The Nawuni River, the only source of drinking water for the Tamale Metropolis in the Northern Region of Ghana is under serious threat. Its depth has reduced drastically due to siltation which has undermined its water holding capacity.
The siltation of the river as a result of sand winning activities along its banks poses a great danger to the metropolis, threatening the river’s future capacity for supplying the required volume of water to the metropolis.
The river, which has now been rendered shallow, is unable to contain the volume of water that flows into it during the rainy season. This has resulted in repeated flooding along its banks during the rainy season.
During a visit to the river by a group of journalists from Tamale, it was confirmed that flooding along the banks of the river have increased both in intensity and regularity. This does not only lead to a loss of life and property in the area but also reduces the amount of water the river feeds into the Akosombo Dam, the country’s major supplier of electricity.
The Nawuni River, also known as the White Volta flows into the Black Volta at Yeji which feeds into the Akosombo Dam.
The visit, which was organized by Ghana Developing Communities Association (GDCA) offered journalists the chance to observe at first hand sand winning activities at the river banks by contractors for the construction of roads and buildings. This has led to a massive desecration of the banks leaving in its wake loose soils that are easily washed into the river.
Mr Hardi Tijani, Programme Manager of GDCA expressed the need to redress sand winning at the river banks in view of the dangers it poses to the river. Visits to areas of the region showed how uncontrolled sand winning had desecrated farmlands, and destroyed a lot of vegetation including economic and medicinal trees.
He said research conducted by the GDCA in 29 communities in the region indicates that 190 hectares of land have already been destroyed by sand and gravel winning activities which has directly affected 177 families. In addition, 68 percent of all pits that were never reclaimed were dug by contractors and individual tipper truck owner-drivers.
According to Mr. Tijani, “All these people usually hire labour from young people in communities close to the river where the sand is mined. In that wise the communities that settle close to the White Volta also contribute to the sand winning activities because they get monetary rewards.”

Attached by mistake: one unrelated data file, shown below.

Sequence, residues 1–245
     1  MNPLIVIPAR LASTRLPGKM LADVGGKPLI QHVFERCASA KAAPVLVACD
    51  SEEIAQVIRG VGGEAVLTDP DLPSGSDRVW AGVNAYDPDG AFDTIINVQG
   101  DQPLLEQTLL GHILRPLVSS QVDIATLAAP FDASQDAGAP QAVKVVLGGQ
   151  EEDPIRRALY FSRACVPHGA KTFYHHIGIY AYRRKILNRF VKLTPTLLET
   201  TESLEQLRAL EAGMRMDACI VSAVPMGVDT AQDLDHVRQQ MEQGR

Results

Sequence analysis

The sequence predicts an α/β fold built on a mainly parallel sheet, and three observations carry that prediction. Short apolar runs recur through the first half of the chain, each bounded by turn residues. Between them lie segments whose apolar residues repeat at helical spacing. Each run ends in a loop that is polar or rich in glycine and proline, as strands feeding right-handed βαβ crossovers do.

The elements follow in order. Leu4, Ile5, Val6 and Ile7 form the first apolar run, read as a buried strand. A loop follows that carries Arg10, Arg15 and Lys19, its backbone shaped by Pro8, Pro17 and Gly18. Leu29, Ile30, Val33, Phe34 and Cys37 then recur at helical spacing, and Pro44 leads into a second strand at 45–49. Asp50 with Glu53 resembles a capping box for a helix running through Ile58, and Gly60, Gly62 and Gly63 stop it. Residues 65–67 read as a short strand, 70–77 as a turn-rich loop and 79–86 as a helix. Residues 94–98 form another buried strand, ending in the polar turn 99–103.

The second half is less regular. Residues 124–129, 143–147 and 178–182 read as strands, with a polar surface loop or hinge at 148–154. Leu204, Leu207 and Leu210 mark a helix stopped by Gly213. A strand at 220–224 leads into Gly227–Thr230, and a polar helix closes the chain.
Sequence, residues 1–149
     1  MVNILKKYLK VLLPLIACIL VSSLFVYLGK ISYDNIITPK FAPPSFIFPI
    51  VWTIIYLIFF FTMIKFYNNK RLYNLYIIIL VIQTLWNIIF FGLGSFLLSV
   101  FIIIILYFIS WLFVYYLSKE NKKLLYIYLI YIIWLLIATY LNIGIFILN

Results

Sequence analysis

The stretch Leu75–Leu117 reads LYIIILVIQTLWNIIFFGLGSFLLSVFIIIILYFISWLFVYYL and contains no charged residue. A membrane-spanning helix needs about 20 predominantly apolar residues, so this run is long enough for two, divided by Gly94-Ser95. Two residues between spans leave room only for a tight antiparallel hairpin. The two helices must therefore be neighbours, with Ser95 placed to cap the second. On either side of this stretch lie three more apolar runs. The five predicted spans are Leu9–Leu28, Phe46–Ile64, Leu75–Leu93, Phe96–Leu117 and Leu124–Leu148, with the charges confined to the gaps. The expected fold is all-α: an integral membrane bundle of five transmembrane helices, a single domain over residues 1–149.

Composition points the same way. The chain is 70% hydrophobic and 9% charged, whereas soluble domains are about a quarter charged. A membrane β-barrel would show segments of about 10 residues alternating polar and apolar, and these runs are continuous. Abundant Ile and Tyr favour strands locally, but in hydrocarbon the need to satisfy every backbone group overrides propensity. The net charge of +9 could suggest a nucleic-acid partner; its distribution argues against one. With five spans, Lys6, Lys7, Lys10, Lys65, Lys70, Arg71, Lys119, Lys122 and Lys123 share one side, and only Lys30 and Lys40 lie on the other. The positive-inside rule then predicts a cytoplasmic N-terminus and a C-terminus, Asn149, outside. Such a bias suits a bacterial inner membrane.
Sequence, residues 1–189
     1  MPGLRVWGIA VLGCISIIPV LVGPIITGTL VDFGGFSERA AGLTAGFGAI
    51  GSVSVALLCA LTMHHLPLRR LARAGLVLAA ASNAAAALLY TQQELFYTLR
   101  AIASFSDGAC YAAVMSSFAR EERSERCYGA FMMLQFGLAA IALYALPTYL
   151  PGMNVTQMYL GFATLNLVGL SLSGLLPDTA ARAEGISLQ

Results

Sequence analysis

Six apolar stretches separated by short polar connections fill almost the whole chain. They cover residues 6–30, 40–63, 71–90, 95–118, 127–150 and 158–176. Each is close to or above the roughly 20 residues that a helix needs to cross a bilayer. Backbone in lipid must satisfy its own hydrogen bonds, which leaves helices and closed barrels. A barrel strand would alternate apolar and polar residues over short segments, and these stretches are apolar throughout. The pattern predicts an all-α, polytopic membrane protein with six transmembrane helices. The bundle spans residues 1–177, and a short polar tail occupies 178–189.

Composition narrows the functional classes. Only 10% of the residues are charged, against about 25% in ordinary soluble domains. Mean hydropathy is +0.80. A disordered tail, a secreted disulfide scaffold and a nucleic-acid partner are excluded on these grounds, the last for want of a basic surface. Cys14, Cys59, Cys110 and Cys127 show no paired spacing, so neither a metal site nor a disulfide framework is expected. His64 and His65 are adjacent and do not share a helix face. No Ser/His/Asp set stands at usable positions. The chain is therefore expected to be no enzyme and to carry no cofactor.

Ironically, the contractors pay ridiculous royalties to the chiefs and people of the communities. They pay as paltry as GH¢1.00 and GH¢2.00 per tipper truck load of sand. Yet they sell the same quantity of sand for GH¢100.00, almost 10,000% more than the royalty they pay. Sometimes, the sand winners give the communities a raw deal by fetching more trips than they paid for, says Tijani. Moreover the chiefs do not determine the location for mining; it is left to the discretion of the sand winners.
Tijani added that, “The business of the sand winning is free entry free exit. Due to this the chiefs are not consulted on where the sand is mined the winners only give out revenue to the chief through his representative. It is the winner who always prospect for new sites for sand winning without the chief’s consent. If the chief is not serious no revenue will be paid him.”
Some of the communities that suffer from the inequities of the sand winners are: Datalon in the Tamale Metro and Ying, Kulidanaaali, Kodugziegu and Dipali in the Savelugu/Nanton district where gravel winning is practiced. Afayili, Golazoli, Yuni and Gbrimkabani all in the Tolon/Kumbungu.
Presently there are no any conscious efforts to check the menace of sand winning in the affected communities. The GDCA, which operates in the affected communities, has taken up the challenge with the support of the KASA project. KASA is a civil society support mechanism that aims to support evidence-based research and advocacy in the natural resource and environment sector. KASA is funding the GDCA to create awareness about the disadvantage and dangers of indiscriminate sand winning.
“As of now there is no physical effort from any person, be they individual or organizations to mitigate sand winning activities in the affected areas,” says Tijani. “The only step taken so far by KASA, EPA and others is awareness creation on the dangers of sand winning in the mass media so that offenders might change their attitudes and behaviours towards the natural environment.”
If this indiscriminate sand winning continuous unchecked, the people of Tamale Metropolis may be deprived of sufficient water supply. The projected population of the Metropolis is 350,000. Currently the Metropolis requires 10 million gallons of water daily. By 2015, according to the Ghana Water Company Limited (GWCL), it will require about 15 million gallons (49,392 cubic meters) daily.
Environmentalsits fear that if sand winning at Nawuni continues at the rate at which it is going,with the attendant siltation and degradation, the GWCL will not be able to meet its target and the people of Tamale will suffer for it. It will also contribute to negative climatic conditions.